Pope starts Myanmar trip in shadow of Rohingya crisis

Pope starts Myanmar trip in shadow of Rohingya crisis

Pope Francis landed in Yangon on Monday, the start of a delicate visit for the leader of the Roman Catholic church to majority-Buddhist Myanmar, which the  US has accused of conducting "ethnic cleansing" against its Muslim Rohingya people.

The pope will also visit Bangladesh, where more than 6,20,000 Rohingya have fled to escape what Amnesty International has dubbed "crimes against humanity".

The Myanmar Army has denied the accusations of murder, rape, torture and forcible displacement.

After leaving Rome, the Pope told reporters on his plane, "They say it's too hot (in Myanmar). I'm sorry, but let's hope it will at least be fruitful."

Ethnic minorities in traditional dress welcomed Francis at Yangon airport, and children presented him with flowers as he stepped off his plane.

He waved through an open window at dozens of children waving Vatican and Myanmar flags and T-shirts with the motto of the trip 'love and peace' as he set off in a light blue Toyota car for St. Mary's Cathedral in the heart of the city.

Only about 700,000 of Myanmar's 51 million people are Roman Catholic. Thousands of them travelled by train and bus to Yangon, and they joined crowds at several roadside points along the way from the airport to catch a glimpse of the pope.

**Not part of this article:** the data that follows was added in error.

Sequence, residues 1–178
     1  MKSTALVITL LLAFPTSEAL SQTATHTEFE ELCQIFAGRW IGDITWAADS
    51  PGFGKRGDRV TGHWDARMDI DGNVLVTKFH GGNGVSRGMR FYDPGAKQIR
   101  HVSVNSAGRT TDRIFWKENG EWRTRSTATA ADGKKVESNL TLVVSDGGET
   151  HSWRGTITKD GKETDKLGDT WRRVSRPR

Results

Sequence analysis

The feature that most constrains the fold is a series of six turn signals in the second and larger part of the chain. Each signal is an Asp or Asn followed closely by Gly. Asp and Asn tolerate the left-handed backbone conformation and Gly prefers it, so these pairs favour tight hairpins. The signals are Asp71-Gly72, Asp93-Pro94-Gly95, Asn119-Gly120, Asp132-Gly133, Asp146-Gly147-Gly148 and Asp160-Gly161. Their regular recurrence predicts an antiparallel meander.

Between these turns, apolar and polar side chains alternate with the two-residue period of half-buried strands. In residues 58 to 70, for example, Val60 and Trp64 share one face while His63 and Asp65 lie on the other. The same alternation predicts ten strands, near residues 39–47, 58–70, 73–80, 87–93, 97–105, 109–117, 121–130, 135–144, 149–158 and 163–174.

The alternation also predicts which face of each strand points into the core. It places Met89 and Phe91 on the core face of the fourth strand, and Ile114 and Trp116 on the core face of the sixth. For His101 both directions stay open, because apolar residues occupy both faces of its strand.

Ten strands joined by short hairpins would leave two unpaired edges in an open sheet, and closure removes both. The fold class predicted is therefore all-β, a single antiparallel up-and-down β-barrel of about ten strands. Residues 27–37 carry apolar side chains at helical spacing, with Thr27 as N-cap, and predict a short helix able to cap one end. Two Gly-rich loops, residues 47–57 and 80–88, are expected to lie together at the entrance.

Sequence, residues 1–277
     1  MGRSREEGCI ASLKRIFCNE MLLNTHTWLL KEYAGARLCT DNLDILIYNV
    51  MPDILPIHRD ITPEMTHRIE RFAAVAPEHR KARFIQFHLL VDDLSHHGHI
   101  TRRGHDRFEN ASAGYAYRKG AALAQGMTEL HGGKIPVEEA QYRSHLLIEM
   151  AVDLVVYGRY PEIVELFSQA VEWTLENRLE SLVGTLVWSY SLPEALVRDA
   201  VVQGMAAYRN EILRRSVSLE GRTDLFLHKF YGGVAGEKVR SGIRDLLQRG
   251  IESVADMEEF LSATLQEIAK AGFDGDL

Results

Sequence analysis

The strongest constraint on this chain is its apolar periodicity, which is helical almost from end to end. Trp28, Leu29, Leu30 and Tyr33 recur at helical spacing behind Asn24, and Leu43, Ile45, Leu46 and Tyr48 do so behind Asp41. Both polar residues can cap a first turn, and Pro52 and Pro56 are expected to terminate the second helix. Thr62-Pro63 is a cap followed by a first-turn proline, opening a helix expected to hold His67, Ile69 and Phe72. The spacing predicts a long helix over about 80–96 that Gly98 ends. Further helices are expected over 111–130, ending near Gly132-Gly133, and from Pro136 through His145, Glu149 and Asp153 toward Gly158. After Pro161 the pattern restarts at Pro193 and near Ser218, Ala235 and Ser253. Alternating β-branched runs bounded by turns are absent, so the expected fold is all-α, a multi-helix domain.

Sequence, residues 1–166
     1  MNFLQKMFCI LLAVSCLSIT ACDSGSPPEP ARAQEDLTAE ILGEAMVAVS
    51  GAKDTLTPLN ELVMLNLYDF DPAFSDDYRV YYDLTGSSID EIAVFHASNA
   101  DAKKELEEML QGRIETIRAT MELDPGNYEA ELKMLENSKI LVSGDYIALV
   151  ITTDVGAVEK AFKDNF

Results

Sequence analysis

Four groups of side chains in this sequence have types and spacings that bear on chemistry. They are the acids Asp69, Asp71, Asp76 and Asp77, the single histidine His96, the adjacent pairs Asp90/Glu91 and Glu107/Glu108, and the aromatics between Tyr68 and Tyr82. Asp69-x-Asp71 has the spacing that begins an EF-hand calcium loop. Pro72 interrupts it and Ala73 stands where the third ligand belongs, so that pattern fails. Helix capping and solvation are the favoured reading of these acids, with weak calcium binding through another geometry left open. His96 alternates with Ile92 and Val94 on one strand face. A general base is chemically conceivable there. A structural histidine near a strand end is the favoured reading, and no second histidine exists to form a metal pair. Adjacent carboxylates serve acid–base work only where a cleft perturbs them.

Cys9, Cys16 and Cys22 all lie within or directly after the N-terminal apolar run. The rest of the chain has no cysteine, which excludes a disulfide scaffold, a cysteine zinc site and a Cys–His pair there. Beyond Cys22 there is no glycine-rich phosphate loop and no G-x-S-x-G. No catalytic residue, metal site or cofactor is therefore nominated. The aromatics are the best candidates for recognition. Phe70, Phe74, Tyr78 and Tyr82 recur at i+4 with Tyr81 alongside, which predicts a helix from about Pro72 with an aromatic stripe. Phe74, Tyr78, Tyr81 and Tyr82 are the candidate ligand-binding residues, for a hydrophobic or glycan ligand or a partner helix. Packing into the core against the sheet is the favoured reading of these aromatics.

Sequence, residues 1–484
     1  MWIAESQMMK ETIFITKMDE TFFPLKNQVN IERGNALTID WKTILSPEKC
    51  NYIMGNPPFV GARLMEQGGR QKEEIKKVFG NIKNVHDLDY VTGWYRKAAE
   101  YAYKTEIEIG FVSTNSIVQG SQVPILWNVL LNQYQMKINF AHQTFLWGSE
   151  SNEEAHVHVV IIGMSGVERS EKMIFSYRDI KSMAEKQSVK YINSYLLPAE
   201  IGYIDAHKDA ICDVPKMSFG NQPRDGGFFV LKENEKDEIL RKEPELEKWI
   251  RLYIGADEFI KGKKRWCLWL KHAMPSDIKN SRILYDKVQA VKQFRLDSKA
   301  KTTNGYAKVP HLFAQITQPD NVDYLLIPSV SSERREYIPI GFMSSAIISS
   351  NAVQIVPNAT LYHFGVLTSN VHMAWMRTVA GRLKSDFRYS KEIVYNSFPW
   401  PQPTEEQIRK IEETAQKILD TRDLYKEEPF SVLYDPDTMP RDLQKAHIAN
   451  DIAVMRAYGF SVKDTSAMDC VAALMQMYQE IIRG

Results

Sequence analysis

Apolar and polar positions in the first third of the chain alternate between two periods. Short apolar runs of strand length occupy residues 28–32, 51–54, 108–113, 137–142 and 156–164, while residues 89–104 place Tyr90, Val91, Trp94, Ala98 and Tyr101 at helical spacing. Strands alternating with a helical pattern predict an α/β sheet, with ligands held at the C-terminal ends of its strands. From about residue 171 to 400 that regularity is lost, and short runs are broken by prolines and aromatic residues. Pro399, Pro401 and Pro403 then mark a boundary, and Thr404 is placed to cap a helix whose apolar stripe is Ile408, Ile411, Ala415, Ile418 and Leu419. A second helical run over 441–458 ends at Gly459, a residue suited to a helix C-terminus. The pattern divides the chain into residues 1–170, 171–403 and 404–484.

"We come here to see the Holy Father. It happens once in hundreds of years," said Win Min Set, a community leader who brought a group of 1,800 Catholics from southern and western states of the country.

"He is very knowledgeable when it comes to political affairs. He will handle the issue smartly," he said, referring to the sensitivity of the pope's discussions about the Rohingya.

Large numbers of riot police were mobilised in the country's main city but there were no signs of any protests.

The trip is so delicate that some papal advisers have warned him against even saying the word "Rohingya", lest he set off a diplomatic incident that could turn the Buddhist-majority country's military and government against minority Christians.

Francis is expected to meet a group of Rohingya refugees in Dhaka, the capital of Bangladesh, on the second leg of his trip.

The most tense moments of his Myanmar visit are likely to be private meetings with the army chief, Senior General Min Aung Hlaing and, separately, civilian leader Aung San Suu Kyi.

More than 150,000 people have registered for a mass that Francis will say in Yangon on Wednesday, according to Catholic Myanmar Church spokesman Mariano Soe Naing.

 

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